When it was released in 2005, Nickelback’s song Photograph hit no. 1 on numerous US and UK charts. And now, 15 years later, the Canadian band teamed up with Google Photos to create a parody better than the song itself.
Google recently announced they were killing off free storage for Google Photos from June 1st, 2021. A lot of people haven’t been happy with Google’s track record on moves like this, and have been seeking alternatives.
Many users assumed that any images already there would remain safe, but it seems not. Google has started emailing some of its Gmail, Drive and Photos users to let them know that their content may soon be deleted without warning or permission. Like the new Google Photos restrictions, these new policies also come into effect on June 1st, 2021.
In case you missed it recently, Google Photos has decided to end their free unlimited photo hosting service. Beginning in June of next year users will be limited to 15GB of space before being asked to pay for more storage. How much you’ll have to pay will depend on how much storage you use. Unfortunately for me, I have more photos than fit their top tier $100/year plan, so even if I wanted to pay I’d be capped out of the service.
Google Photos has been one of the best photo hosting cloud services out there, offering storage for an unlimited number of your photos absolutely free – as long as you didn’t mind a slight hit in image quality. But that is coming to an end and Google is abandoning its free tier. You still get your free 15GB (shared across all Google services, like Gmail, etc), but if you want any more than that, you’ll have to pay now.
It was a sweet ride while it lasted, and there aren’t really any great free alternatives out there now. But now that you do have to pay, what are the other top paid alternatives out there? Let’s take a look at five of them.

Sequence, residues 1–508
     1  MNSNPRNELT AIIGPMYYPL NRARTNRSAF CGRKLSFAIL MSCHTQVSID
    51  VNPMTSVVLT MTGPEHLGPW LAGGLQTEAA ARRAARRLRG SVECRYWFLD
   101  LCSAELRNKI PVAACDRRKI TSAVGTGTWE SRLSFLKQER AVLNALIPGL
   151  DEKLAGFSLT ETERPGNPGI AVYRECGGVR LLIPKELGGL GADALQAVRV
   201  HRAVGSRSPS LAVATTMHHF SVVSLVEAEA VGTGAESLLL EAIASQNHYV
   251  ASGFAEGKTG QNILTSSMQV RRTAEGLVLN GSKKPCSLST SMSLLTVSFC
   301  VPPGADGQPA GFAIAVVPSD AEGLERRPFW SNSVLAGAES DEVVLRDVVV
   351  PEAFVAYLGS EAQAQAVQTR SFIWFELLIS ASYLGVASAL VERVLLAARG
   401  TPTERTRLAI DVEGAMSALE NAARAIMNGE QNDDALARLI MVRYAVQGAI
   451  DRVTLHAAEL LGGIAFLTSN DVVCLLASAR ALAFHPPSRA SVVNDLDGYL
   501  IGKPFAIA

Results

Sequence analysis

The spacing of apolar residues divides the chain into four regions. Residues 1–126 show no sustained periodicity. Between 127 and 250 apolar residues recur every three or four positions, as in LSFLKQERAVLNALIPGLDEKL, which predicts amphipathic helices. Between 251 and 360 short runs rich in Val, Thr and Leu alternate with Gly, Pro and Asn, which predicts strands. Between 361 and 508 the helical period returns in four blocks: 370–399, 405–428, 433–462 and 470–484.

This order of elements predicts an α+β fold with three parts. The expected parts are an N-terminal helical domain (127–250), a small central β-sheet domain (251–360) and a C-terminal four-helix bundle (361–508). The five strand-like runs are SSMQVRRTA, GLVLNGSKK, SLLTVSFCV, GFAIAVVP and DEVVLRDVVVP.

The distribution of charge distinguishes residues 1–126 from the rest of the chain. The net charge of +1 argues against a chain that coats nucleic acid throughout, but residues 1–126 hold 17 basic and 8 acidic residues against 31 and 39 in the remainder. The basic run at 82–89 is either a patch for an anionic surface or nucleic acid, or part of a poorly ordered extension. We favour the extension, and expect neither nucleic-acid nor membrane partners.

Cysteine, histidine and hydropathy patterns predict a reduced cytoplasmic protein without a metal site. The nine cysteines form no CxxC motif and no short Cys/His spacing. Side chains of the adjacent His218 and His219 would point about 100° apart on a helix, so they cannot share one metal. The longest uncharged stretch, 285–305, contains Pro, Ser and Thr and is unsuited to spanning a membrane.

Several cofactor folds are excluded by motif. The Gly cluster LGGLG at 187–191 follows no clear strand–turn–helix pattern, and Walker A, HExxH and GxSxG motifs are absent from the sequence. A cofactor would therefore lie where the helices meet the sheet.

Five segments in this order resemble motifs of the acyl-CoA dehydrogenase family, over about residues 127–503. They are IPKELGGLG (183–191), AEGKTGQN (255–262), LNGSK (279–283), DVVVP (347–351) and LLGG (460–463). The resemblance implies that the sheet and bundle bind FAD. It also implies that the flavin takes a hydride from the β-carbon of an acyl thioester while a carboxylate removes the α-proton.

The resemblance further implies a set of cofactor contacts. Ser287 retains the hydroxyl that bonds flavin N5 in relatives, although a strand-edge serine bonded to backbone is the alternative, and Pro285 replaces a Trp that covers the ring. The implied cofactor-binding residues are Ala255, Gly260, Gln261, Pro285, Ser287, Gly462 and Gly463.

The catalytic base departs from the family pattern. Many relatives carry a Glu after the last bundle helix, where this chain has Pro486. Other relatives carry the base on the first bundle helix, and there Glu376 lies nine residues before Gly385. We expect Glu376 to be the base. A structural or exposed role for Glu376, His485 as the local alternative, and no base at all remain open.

Ever since it was launched in 2015, Google Photos has offered unlimited free storage for your photos. Well, not for long. From June 2021, you will no longer be able to store countless high-quality images on your account. There will be a 15 GB limit, and you’ll have to pay for Google One if you want to store more than that.
If you’ve ever wanted to work for Google, now’s your chance. Well, sort of. Google Photos is now expanding its survey that helps the algorithm recognize what’s in the photos. In other words, you’ll be able to label your images from scratch and tag them in order to train Google’s algorithm further.
Google Photos is getting powerful new updates to its auto-enhance editor. The tool will soon rely on artificial intelligence, making every edit suitable for the particular photo that you work on. You’ll also be able to relight your portraits after taking them, but with a catch: it will only be available on new Pixel phones. [Read More…]
After releasing it in Ireland in 2019, Facebook is now expanding the feature that lets you upload your photos and videos directly to Google Photos. Starting today, users in the U.S. and Canada will have this option available, which should make it faster and more convenient to transfer your data between different services.
Google’s AI labels what it sees in your photos, and sometimes it doesn’t really do the best job. Now Google has announced some changes and its Cloud Vision API tool is going gender-neutral. Instead of labeling people in photos as “man” or “woman,” the tool will now play it safe and label them simply as “person.”